What started as a protest march in 1978 is now a major celebration and a huge tourism draw. The first Sunday in August, the Vancouver Pride Parade brings an estimated 600,000 people to the West End to celebrate the city’s large and vibrant gay and lesbian community. It’s always a great show.
Yesterday’s edition was the first KJ and I attended here since 2008. It’s one of the things we have missed about Vancouver in the years we’ve been away, so we’d been looking forward to the Pride Parade ever since we moved back.
Ian was pretty excited, too – but he was just in it for the candy. A lot of candy was thrown his way at the Pride Parade in Victoria last year.
The first highlight of this year’s parade was Vancouver’s own Jenna Talackova. Jenna became famous earlier this year when she successfully battled to be included in the Miss Universe Canada pageant after originally being disqualified because she is transgendered.
Shortly after Jenna, one of the perennial crowd pleasers of the Pride Parade came along.
Every year, two entries are consistently the most entertaining, in my opinion. Dykes on Bikes is one of them – and, you guessed it, they’re a bunch of lesbians riding motorbikes.
You hear them coming well before you see them, but as soon as they pull into view the crowd goes nuts. They’re just really good fun. I wanted to include a video, but I’m apparently not set up for that. For now, a picture will have to suffice. Video of Dykes on Bikes is at http://youtu.be/PP9CRNa3f5M
Now, since the days of the original protest march back in 1978, Vancouver’s gay and lesbian community has made some serious progress. Getting fired for being gay is no longer on, being denied an apartment is also out, and for some years now, gays and lesbians have enjoyed the right to get married – just like everybody else. A mixed blessing that last one, perhaps…
Anyways, the area of the West End called Davie Village, which centres on Davie Street, is a thriving section of the city where a great many businesses have rainbow flag stickers in their windows to show they are gay friendly. And a great many of these businesses also had entries in the parade.
In fact, early into the parade yesterday, I started to wonder if there was any major business or institution which did not have an entry in the parade.
There were the first responders:
All sorts of other groups were there, too:
These are only a few of the groups we saw in the Pride Parade yesterday. And we only stayed for half of it, because it was so damn hot and Ian was starting to wilt. This gives you an idea of the liveliness of the gay and lesbian community, though.
An indication of the clout it now enjoys can be seen in the number of big companies which had entries in the parade:
The three major TV networks were represented:
Plenty of other companies were there, including two inspired entries from the good folks at Trojan Condoms and Viagra:
Probably the best indication of how far the gay and lesbian community has come, though, is the fact that almost every political party from all levels of government made a point of being in the Pride Parade.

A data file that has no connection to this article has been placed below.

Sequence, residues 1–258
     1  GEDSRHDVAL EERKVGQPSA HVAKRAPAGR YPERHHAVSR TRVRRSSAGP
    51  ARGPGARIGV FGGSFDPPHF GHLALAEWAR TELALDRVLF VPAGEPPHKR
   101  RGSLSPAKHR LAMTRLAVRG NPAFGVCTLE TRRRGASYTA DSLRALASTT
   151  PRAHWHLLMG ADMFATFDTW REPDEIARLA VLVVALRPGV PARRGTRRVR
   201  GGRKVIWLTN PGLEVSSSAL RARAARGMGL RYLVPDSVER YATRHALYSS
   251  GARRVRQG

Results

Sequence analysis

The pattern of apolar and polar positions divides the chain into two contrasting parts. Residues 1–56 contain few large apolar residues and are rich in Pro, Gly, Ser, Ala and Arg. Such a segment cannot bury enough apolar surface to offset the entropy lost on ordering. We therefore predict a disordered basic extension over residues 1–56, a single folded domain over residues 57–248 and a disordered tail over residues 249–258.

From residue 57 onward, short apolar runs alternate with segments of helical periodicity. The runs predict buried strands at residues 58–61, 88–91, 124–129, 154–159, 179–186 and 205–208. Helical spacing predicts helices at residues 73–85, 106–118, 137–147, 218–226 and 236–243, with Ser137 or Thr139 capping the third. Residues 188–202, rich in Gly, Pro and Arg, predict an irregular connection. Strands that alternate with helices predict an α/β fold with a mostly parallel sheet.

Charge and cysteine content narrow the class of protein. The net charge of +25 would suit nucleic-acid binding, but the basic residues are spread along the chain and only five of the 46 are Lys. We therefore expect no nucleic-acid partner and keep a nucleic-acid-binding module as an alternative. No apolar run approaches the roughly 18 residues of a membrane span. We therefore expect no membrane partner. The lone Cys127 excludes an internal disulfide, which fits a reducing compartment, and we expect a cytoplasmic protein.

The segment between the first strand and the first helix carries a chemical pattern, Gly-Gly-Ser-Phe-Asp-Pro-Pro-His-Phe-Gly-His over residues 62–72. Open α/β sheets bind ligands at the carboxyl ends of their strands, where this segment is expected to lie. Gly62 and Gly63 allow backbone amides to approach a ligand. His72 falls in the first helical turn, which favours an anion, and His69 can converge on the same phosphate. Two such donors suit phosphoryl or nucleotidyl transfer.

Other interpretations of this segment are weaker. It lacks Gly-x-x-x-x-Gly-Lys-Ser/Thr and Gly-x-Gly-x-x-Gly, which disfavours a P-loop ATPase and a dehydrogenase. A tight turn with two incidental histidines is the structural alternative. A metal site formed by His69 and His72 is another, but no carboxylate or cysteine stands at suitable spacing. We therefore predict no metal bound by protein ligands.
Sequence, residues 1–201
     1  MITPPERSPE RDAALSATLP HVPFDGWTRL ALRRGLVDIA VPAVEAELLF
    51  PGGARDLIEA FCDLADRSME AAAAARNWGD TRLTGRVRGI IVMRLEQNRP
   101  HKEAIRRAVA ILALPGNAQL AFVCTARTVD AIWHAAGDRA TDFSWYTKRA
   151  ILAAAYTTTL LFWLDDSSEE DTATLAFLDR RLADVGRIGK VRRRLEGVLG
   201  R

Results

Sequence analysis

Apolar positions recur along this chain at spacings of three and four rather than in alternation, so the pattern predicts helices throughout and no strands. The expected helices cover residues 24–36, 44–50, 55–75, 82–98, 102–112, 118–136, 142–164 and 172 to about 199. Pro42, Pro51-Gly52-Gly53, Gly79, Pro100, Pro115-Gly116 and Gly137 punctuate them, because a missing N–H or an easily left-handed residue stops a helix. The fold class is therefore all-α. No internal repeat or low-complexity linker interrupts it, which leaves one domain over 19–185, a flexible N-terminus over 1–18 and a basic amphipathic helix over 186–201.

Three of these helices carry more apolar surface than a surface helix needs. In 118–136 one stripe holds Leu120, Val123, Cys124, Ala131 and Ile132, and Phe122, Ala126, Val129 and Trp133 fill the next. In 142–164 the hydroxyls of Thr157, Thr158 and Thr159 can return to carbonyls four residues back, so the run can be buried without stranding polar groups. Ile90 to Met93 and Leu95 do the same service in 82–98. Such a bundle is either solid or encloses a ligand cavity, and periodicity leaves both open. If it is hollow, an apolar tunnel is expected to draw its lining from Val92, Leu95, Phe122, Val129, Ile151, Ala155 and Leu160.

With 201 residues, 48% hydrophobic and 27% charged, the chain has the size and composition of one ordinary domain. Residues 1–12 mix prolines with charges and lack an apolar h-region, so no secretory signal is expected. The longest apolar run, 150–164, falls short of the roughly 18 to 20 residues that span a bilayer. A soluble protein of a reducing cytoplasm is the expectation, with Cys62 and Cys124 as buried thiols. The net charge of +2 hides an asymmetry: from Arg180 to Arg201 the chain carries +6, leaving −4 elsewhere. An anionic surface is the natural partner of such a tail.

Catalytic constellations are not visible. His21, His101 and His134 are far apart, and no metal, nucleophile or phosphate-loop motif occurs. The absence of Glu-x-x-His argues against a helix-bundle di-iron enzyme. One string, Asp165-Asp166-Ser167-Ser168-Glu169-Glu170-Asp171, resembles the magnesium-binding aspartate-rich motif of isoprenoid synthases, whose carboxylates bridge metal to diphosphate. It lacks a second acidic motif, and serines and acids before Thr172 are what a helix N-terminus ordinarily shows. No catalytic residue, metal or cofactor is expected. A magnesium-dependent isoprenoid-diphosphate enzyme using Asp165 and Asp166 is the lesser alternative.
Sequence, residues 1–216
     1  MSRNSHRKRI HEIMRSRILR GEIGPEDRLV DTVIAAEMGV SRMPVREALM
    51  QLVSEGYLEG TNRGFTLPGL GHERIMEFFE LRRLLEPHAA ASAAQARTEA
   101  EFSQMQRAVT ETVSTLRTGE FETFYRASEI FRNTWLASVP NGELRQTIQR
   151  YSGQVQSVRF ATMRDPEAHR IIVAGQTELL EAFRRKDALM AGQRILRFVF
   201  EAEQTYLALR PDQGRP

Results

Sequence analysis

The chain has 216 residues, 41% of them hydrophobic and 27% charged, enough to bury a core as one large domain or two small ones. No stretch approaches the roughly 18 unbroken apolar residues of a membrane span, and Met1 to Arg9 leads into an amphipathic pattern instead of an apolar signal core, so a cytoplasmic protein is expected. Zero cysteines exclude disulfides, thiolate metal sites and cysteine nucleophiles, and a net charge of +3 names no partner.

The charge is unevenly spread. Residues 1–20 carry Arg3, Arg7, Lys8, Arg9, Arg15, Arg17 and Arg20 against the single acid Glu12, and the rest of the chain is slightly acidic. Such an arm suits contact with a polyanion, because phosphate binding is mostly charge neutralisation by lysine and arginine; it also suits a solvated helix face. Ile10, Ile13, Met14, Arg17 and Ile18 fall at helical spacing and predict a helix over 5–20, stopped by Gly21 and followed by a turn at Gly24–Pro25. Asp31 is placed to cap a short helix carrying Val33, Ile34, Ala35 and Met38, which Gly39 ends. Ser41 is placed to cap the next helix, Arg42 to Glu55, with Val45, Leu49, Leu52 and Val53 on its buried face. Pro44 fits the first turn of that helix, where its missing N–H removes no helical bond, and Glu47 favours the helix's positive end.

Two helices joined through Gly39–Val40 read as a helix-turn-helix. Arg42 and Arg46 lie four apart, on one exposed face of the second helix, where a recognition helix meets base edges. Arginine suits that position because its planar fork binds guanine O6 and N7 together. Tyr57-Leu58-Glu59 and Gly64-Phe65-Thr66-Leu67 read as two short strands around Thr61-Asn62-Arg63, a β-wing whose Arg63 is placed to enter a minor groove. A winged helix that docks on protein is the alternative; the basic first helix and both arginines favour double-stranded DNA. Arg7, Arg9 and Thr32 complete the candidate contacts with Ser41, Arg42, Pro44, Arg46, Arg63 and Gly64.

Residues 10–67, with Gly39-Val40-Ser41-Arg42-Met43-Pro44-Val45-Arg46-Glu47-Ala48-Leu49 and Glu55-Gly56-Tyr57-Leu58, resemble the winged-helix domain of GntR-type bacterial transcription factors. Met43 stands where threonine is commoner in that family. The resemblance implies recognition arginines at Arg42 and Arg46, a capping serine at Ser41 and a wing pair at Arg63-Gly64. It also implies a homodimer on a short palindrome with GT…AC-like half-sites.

The BC Liberals, the BC NDP/Canada’s New Democrats, the Green Party, the Conservative Party of Canada were all there. And so was Dr. Hedy Fry, the Liberal MP for the host riding of Vancouver Centre – who, along with Dykes on Bikes, is one of the perennial crowd pleasers I mentioned earlier.
Full disclosure here: I worked on Hedy’s re-election campaign in the 2006 federal election. And I’ll tell you what, you have not worked hard until you have worked for Hedy.
While Hedy makes her people work hard, she also works hard herself. She provides excellent service to her constituents and is one of the best friends the gay and lesbian community has. She was a strong advocate for same-sex marriage before it became legal.
Hedy is very popular with the gay community, and she clearly loves them back. Every year, she has one of the most imaginative and fun entries in the Pride Parade.
This year, she was a mermaid. Video of Hedy the Mermaid and her entourage of sailors is here: http://tinyurl.com/bmt7dt2
Now, every year when the Pride Parade rolls around, a few folks start griping. “Why do we need a Gay Pride Parade?” is one of the things you’ll hear. “We don’t have a Heterosexual Pride Parade.”
Well, it seems to me the folks who say such things are actually making the case for holding the Pride Parade. There are no Heterosexual Pride Parades because such parades are absolutely unnecessary.
I don’t think there is anywhere in the world where heterosexuals are murdered because they are sexually attracted to members of the opposite gender. Or where they are disowned by their families because of this. Or refused a job. Or fired from one. Or refused an apartment. Or beaten.
Gays and lesbians in Vancouver have moved beyond this for the most part. They have struggled for this and, in the process, helped Vancouverites reach a point where most of us couldn’t give a damn who anybody else sleeps with and where almost nobody bats an eye when they see a couple of guys, or a couple of women, holding hands or kissing.
But the fact is that this is a pretty unusual state of affairs. In most parts of the world – even some parts of B.C., unfortunately – gays and lesbians cannot live with anywhere near the level of freedom and safety enjoyed by the gay and lesbian community in Vancouver. And forget about holding a Pride Parade in a lot of these places.
Until gays and lesbians are fully accepted everywhere, and until Pride Parades can be held everywhere, Vancouver’s Pride Parade will continue to be not just a good time but a moral imperative.
P.S. – We – and by “we” I mean my son Ian – only found one fault with this year’s Pride Parade: not enough candy. Ian got lots of temporary tattoos, stickers, buttons and whatnot. But only one packet of Skittles. As far as he’s concerned, Victoria’s Pride Parade wins.